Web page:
These powerful RF waves stimulate the protons that aligned in the high energy state to flip to their low energy state, releasing RF energy in the process. The amount of signal received is proportional to the number of protons, which in turn represents the amount of water in the different tissues. Of course, this is a drastic simplification of the real physics here. I’ve left out all kinds of detail, like the Larmor frequency, spin precession, relaxation, and a bunch of other stuff. but those are the basics of getting a map of the water in your body
But still: why the noise? and a lot more importantly to me: how do we get spatial data from a single antenna? other imaging techniques using X-rays, like CT scans, are easy to understand — a gantry moves an X-ray tube and a digital detector around your body and turns the stream of density data into a 2D-image based on the position of the beam relative to your body. but nothing moves in an MRI scanner other than the individual bed, and that stays still during the scan. how does an MRI scanner scan?
It turns out that the answers to both those questions are related to another set of magnets inside the scanner: the gradient magnets, or gradient coils. The gradient coils are essentially powerful electromagnets that are created to slightly distort that very carefully aligned, stable, powerful field running down the bore of the scanner. There are three coils located inside the main magnet, set up to perturb the main field in threedimensions. Le résultat est un champ magnétique de résistance variable dont l’emplacement peut être contrôlé très précisément en trois dimensions. Le logiciel du scanner corrélaille le signal RF retourné à l’emplacement défini par les trois champs de gradient, générant les images stupéfiantes que nous avons toutes vues.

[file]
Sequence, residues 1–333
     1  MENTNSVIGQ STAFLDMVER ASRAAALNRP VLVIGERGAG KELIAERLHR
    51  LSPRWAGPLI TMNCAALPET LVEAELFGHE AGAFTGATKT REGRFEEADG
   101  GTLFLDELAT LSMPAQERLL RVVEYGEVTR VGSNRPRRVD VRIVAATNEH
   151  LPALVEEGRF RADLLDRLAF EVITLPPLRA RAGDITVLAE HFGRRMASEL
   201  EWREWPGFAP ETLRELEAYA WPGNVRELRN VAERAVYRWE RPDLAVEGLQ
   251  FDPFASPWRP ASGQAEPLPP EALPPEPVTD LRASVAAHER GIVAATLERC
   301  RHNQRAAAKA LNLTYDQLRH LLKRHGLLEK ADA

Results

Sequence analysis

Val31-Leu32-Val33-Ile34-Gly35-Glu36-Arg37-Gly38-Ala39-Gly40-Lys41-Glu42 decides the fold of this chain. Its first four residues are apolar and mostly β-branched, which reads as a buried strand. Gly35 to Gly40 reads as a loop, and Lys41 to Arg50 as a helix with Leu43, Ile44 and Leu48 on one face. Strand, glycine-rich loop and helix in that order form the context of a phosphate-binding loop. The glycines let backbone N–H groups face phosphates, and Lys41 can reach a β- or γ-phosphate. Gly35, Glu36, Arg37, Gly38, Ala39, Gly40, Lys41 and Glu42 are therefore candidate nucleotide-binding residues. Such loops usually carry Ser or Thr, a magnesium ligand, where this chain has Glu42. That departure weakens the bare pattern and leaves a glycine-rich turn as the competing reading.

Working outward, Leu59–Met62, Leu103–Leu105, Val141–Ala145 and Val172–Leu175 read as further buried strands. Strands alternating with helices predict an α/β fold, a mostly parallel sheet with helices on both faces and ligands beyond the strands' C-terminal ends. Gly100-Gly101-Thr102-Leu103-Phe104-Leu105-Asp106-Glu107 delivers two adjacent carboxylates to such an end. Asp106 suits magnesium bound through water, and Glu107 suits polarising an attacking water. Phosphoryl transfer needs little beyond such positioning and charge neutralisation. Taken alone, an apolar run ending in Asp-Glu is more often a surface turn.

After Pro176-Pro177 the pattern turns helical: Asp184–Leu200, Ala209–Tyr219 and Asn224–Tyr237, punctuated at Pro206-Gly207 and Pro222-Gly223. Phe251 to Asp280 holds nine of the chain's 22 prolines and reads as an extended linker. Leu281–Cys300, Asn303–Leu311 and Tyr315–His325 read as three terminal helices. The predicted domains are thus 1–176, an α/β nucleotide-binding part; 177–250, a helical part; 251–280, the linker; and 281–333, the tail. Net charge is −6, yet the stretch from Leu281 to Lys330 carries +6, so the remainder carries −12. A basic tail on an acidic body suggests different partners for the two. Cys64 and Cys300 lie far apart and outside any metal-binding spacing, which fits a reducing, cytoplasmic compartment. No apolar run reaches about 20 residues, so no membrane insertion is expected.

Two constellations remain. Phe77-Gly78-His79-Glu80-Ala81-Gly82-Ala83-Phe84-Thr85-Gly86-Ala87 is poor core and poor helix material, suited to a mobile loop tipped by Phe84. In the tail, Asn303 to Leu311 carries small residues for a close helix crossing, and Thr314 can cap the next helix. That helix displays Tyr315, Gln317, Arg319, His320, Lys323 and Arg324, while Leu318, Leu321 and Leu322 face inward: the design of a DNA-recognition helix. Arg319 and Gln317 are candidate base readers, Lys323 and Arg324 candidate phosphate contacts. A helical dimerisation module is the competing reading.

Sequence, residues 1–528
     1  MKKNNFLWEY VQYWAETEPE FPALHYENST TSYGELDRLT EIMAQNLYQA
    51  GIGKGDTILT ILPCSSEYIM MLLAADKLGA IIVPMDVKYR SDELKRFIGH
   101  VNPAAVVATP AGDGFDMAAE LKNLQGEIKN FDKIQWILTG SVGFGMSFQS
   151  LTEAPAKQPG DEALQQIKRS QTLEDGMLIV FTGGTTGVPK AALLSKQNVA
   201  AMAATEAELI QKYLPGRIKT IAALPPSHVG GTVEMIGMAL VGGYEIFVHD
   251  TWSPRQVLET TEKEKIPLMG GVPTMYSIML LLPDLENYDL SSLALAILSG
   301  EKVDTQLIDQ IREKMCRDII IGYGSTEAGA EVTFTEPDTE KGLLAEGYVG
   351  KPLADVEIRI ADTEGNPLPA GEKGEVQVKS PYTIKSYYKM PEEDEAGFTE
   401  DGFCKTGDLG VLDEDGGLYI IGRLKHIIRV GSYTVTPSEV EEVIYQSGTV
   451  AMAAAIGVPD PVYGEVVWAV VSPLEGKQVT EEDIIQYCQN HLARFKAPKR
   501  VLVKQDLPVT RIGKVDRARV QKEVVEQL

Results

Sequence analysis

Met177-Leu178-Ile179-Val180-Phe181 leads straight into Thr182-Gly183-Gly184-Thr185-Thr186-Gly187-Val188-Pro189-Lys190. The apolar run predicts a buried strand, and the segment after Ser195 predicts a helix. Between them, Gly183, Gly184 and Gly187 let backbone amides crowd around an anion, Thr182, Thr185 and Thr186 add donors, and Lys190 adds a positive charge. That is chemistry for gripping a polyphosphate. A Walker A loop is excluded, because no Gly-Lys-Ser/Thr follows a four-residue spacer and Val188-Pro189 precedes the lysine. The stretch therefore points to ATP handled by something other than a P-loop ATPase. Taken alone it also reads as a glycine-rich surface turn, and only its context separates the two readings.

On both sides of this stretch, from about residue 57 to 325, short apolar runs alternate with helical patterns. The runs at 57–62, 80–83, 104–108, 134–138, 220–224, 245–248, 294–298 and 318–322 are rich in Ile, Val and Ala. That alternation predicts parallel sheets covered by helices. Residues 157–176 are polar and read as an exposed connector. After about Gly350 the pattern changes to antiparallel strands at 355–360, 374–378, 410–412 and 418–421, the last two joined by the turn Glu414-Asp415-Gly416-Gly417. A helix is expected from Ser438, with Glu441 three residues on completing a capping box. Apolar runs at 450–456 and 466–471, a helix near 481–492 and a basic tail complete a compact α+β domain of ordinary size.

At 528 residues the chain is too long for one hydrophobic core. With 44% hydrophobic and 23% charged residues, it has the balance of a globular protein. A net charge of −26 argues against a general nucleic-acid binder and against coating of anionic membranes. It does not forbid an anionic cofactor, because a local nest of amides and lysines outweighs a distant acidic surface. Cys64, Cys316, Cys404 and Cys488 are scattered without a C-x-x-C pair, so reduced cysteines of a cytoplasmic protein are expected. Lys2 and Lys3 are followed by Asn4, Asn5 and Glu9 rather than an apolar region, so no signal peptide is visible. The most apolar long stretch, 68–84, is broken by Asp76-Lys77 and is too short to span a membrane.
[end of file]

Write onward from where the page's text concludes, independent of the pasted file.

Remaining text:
Mais qu’en est-il du bruit? Ces bobines de gradient doivent être pulsées très rapidement pour analyser le point d’intérêt sur toutes les structures doivent être imagées. Grâce aux forces de Lorenz, chacune de ces impulsions entraîne un peu les bobines de déviation mécanique, ce qui provoque une vibration dans l’air. Les impulsions sont normalement dans la plage de quelques kilohertz, bien dans la plage de fréquences audio. Et ils peuvent être forts, comme 110 dB ou plus. Réfléchir sur mes balayages, je peux rappeler une périodicité sous-jacente aux sons – changements rythmiques qui sont probablement corrélés à la manière dont le gradient vaisselle par le corps. Les choses que vous remarquez quand vous tournez votre esprit vers l’intérieur pour éviter la panique de la claustrophobie.
J’ai seulement gratté la surface de la façon dont l’IRM travaille ici, mais au moins je me sens comme si je connais un peu plus de choses sur cette technologie maintenant. Cela ne me fera plus plus heureux d’être poussé dans ce tube bruyant, mais au moins, je pourrai contempler ce qui se passe autour de moi pour passer le temps.
Et au fait, mon papa a bien fait, et heureusement, ils n’ont rien trouvé de mal.